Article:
The genetics of mitral valve prolapse

@article{Grau2007TheGO,
  title={The genetics of mitral valve prolapse},
  author={JB Grau and Luigi Pirelli and Pey‐Jen Yu and AC Galloway and Harry Ostrer},
  journal={Clinical Genetics},
  year={2007},
  volume={72}
}
Mitral valve prolapse (MVP) is a very common clinical condition that refers to a systolic billowing of one or both mitral valve leaflets into the left atrium. Improvements of echocardiographic techniques and new insights in mitral valve anatomy and physiology have rendered the diagnosis of this condition more accurate and reliable. MVP can be sporadic or familial, demonstrating autosomal dominant and X‐linked inheritance. Three different loci on chromosomes 16, 11 and 13 have been found to be… 

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References

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TLDR
The results of a genome scan are described and it is shown that a locus for MVP maps to chromosome 11p15, and a new MVP locus, MMVP2, is confirmed, which confirms the genetic heterogeneity of this disorder.

New Locus for Autosomal Dominant Mitral Valve Prolapse on Chromosome 13: Clinical Insights From Genetic Studies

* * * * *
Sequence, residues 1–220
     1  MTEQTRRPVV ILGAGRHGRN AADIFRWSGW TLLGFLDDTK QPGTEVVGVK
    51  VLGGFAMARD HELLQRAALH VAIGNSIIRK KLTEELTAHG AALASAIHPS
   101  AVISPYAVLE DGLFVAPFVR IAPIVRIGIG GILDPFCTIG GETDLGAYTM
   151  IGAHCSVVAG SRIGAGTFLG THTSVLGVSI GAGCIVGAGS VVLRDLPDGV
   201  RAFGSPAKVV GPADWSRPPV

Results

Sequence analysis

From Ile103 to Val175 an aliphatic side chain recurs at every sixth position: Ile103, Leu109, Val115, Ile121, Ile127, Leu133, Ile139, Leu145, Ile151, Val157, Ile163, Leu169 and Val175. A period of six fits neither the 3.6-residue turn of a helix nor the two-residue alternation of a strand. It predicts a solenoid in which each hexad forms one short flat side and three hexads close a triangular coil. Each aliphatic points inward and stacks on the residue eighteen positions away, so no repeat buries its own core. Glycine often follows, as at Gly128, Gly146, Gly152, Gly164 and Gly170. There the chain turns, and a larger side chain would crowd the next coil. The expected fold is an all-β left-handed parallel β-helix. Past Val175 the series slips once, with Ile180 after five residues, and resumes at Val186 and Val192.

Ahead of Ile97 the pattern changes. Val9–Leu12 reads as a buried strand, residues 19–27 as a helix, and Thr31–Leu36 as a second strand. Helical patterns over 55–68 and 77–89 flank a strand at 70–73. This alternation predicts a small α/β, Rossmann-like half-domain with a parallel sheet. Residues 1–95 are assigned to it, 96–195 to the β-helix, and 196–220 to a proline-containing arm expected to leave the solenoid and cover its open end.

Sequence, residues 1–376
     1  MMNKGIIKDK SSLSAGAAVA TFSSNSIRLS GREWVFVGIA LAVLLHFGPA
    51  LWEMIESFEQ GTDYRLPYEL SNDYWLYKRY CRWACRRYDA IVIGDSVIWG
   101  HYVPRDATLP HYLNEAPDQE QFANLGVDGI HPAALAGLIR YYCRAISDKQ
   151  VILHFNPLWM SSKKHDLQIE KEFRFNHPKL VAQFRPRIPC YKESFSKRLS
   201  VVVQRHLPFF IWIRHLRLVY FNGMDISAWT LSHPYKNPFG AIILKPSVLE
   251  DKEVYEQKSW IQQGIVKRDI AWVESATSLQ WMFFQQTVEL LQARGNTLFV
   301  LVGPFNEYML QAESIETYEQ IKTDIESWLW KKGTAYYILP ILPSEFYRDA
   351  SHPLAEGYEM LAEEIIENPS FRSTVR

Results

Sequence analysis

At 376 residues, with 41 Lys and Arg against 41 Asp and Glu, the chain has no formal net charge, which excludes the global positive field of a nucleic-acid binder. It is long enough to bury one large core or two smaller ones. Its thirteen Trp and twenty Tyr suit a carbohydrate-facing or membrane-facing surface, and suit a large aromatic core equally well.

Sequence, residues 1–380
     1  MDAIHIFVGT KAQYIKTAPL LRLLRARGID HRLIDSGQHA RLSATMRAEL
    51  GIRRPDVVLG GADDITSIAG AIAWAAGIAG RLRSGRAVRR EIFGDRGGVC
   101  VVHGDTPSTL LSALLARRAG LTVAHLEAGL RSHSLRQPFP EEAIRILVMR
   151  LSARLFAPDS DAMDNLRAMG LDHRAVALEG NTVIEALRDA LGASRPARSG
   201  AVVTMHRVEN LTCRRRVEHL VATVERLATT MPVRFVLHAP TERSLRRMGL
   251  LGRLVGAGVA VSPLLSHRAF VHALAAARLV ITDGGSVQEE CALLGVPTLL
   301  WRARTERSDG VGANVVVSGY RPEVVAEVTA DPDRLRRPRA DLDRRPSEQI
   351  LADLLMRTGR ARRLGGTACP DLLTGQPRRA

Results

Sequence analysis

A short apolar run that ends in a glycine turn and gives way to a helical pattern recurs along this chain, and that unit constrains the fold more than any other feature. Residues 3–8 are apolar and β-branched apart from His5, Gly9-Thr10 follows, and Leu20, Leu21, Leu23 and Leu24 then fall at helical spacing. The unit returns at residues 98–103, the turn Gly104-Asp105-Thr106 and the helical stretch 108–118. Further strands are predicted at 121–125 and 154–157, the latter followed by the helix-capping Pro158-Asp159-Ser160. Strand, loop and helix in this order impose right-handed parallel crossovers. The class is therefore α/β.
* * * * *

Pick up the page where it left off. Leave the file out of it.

TLDR
The mapping of a new MVP locus to chromosome 13 confirms the observed genetic heterogeneity and represents an important step toward gene identification, and provides clinical lessons with regard to previously nondiagnostic morphologies.

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TLDR
Until subclassification based on refined clinical, genetic, and laboratory investigations is possible, patients evaluated for the possible diagnosis of a heritable disorder of connective tissue are best seen as having an "overlap" heritable connective-tissue disorder.

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TLDR
By systematic echocardiographic screening of the first-degree relatives of 17 patients who underwent mitral-valve repair, four pedigrees showing an autosomal dominant inheritance of the trait are identified, demonstrating the genetic heterogeneity of the disease.

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TLDR
Results of this study indicate that mitral valve prolapse is transmitted in an autosomal dominant mode with reduced male expressivity and a familial prevalence of 47% and that appropriate echocardiographic techniques must be employed to avoid a high incidence of false positive diagnosis.

Inheritance of mitral valve prolapse: effect of age and sex on gene expression.

TLDR
The familial prevalence of prolapse was similar whether or not the proband had characteristic symptoms, auscultatory abnormalities, electrocardiographic findings, thoracic bony abnormalities, or coexistent heart disease.
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